177. Editorial Note

On June 2, 1982, President Ronald Reagan flew to Paris, where he attended the Versailles G–7 Summit from June 4 to 6. On the morning of June 7, 1982, President Reagan flew from Paris to Rome, where he met with Pope John Paul II. That evening, he flew from Rome to London, where he met with British Prime Minister Margaret Thatcher, Queen Elizabeth II, and delivered a speech to the British Parliament. (Reagan Library, President’s Daily Diary)

In his speech to Parliament at Westminster, June 8, Reagan paraphrased former British Prime Minister Winston Churchill: “From Stettin on the Baltic to Varna on the Black Sea, the regimes planted by totalitarianism have had more than 30 years to establish their legitimacy. But none—not one regime—has yet been able to risk free elections.” He went on to cite the Soviet invasion of Afghanistan and support for martial law in Poland. “In an ironic sense Karl Marx was right,” Reagan went on to say. “We are witnessing today a great revolutionary crisis, a crisis where the demands of the economic order are conflicting directly with those of the political order. But the crisis is happening not in the free, non-Marxist West, but in the home of the Marxist-Leninism, the Soviet Union. It is the Soviet Union that runs against the tide of history by denying human freedom and human dignity to its citizens. It also is in deep economic difficulty. The rate of growth in the national product has been steadily declining since the fifties and is less than half of what it was then.” Reagan cited several other examples of the lackluster economic performance of Communist countries. (Public Papers: Reagan , 1982, volume I, pages 742–748)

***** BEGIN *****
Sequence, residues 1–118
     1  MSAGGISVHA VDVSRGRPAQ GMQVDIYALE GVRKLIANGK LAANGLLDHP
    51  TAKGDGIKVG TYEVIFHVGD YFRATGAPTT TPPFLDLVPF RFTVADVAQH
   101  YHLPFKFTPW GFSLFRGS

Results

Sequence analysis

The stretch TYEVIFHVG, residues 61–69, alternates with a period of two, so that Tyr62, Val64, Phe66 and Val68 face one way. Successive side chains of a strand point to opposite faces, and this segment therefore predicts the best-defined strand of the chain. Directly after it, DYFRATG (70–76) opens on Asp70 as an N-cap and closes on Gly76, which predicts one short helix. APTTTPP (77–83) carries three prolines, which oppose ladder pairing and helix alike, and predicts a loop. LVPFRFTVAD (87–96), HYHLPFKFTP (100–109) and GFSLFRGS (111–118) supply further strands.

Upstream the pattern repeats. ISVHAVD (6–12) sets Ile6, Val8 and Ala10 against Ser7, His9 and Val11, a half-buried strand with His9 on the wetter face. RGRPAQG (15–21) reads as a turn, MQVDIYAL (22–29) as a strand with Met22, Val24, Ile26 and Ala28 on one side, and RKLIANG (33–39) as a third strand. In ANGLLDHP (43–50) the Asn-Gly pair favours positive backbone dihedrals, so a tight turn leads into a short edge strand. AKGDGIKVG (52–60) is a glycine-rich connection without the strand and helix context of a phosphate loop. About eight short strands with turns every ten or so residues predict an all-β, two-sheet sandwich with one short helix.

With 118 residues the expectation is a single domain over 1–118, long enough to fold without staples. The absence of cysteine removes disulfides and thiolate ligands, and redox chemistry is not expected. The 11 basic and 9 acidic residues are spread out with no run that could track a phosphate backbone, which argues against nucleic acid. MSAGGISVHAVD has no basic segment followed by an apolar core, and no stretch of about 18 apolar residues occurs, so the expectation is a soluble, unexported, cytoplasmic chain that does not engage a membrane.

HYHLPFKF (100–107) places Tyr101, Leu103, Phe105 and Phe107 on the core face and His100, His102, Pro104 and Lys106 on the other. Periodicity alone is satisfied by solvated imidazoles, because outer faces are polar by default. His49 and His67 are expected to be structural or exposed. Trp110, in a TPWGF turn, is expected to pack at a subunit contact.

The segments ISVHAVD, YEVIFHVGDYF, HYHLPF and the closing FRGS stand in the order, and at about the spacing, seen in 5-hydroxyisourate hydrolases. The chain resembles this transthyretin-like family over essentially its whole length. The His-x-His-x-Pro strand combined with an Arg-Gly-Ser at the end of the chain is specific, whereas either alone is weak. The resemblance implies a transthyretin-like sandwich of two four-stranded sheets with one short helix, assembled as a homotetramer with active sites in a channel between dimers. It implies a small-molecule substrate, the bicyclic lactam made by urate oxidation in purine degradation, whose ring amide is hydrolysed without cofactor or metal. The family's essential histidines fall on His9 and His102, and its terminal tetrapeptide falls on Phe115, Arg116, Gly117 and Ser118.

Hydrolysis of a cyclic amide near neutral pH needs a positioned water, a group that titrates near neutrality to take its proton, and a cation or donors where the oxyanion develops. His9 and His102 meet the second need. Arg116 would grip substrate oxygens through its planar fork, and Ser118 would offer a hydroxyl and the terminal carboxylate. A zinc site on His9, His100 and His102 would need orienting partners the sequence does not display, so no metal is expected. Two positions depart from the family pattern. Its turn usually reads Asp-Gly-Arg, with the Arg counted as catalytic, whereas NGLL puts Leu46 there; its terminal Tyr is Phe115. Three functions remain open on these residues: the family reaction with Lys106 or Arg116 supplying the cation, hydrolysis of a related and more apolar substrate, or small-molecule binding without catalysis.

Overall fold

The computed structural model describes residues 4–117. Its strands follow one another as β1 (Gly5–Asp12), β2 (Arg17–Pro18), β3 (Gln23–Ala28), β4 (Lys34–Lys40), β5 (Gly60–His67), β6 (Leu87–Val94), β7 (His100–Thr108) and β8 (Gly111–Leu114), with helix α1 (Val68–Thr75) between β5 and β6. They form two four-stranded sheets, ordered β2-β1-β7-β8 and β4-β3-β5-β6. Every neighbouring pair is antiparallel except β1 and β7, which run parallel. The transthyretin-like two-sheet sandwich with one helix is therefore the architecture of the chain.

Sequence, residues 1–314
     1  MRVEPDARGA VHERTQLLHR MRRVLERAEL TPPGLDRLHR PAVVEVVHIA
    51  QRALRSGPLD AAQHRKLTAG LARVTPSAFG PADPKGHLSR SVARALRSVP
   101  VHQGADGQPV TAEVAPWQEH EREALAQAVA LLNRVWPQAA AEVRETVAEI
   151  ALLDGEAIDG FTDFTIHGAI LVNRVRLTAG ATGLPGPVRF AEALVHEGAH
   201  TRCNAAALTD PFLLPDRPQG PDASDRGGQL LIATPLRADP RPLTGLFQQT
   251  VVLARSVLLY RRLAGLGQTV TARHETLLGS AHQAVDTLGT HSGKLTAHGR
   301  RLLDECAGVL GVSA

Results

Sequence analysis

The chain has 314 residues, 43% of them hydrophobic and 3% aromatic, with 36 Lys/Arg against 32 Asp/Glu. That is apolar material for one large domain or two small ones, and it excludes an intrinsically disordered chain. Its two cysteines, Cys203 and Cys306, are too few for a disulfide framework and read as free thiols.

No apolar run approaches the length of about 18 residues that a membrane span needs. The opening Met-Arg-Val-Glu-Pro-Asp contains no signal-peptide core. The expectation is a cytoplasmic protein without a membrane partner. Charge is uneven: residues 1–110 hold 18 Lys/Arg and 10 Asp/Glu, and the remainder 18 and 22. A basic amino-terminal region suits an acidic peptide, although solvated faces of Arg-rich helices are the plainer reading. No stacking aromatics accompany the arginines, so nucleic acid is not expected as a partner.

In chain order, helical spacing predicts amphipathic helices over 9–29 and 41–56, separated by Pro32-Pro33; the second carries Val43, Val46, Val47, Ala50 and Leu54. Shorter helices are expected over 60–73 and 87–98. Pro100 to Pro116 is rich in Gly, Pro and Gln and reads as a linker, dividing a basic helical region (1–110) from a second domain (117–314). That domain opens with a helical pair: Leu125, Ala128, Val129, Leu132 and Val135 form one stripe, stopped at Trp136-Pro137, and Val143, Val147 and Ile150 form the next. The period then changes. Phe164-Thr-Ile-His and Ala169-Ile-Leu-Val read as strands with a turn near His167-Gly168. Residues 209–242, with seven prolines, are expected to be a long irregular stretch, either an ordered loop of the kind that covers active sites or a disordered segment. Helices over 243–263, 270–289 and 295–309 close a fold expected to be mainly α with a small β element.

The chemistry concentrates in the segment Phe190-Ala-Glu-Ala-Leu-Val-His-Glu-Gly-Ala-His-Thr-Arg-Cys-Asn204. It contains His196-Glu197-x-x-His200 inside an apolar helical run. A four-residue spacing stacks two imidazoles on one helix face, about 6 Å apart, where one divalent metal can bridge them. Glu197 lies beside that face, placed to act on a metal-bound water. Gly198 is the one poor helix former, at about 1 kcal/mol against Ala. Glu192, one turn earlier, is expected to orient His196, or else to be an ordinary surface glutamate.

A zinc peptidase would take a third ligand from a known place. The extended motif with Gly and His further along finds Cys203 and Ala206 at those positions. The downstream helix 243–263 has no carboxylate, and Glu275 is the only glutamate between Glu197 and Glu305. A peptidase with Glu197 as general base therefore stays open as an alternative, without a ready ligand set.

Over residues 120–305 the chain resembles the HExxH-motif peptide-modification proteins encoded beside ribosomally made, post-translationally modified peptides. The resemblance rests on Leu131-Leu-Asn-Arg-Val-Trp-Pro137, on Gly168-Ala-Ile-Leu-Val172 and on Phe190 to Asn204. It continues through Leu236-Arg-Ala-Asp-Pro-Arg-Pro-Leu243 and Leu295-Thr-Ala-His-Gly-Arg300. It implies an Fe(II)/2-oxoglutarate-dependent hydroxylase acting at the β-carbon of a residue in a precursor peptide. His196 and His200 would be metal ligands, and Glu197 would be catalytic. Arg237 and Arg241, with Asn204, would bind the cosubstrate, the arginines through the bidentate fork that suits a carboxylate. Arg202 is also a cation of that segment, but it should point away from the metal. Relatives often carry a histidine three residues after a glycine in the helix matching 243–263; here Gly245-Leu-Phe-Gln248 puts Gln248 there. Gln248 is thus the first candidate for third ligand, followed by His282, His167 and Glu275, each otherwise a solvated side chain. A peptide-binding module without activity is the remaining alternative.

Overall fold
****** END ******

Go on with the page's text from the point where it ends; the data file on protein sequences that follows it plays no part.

While the United States and its North Atlantic Treaty Organization allies supported nuclear arms reductions talks, Reagan commented that did not mean they accepted the permanence of Communist governments: “Some argue that we should encourage democratic change in [Page 573] right-wing dictatorships, but not in Communist regimes. Well, to accept this preposterous notion—as some well-meaning people have—is to invite the argument that once countries achieve a nuclear capability, they should be allowed an undisturbed reign of terror over their own citizens. We reject this course.” The President then outlined an agenda to promote freedom and democracy. “What I am describing now is a plan and a hope for the long term—the march of freedom and democracy which will leave Marxism-Leninism on the ash-heap of history as it has left other tyrannies which stifle the freedom and muzzle the self-expression of the people.” He concluded the speech with a call for a “crusade for freedom that will engage the faith and fortitude of the next generation,” and movement “toward a world in which all people are at last free to determine their own destiny.” (Ibid.) Reagan’s Westminster speech is scheduled for publication in Foreign Relations, 1981–1988, volume I, Foundations of Foreign Policy.

On June 9, Reagan flew from London to Bonn, where he met Federal Republic of Germany Chancellor Helmut Schmidt, addressed the Bundestag, and attended a meeting of the North Atlantic Council. On June 11, he flew from Bonn to West Berlin and back, before returning to Washington. (Reagan Library, President’s Daily Diary). Reagan described highlights from the trip in a long diary entry, back-dated June 2, which closed: “While in Bonn learned the House had passed a budget—we’re on our way. Also learned though that Israel had invaded Lebanon. I’m afraid we are faced with a real crisis.” (Brinkley, ed., The Reagan Diaries, Volume I, page 136)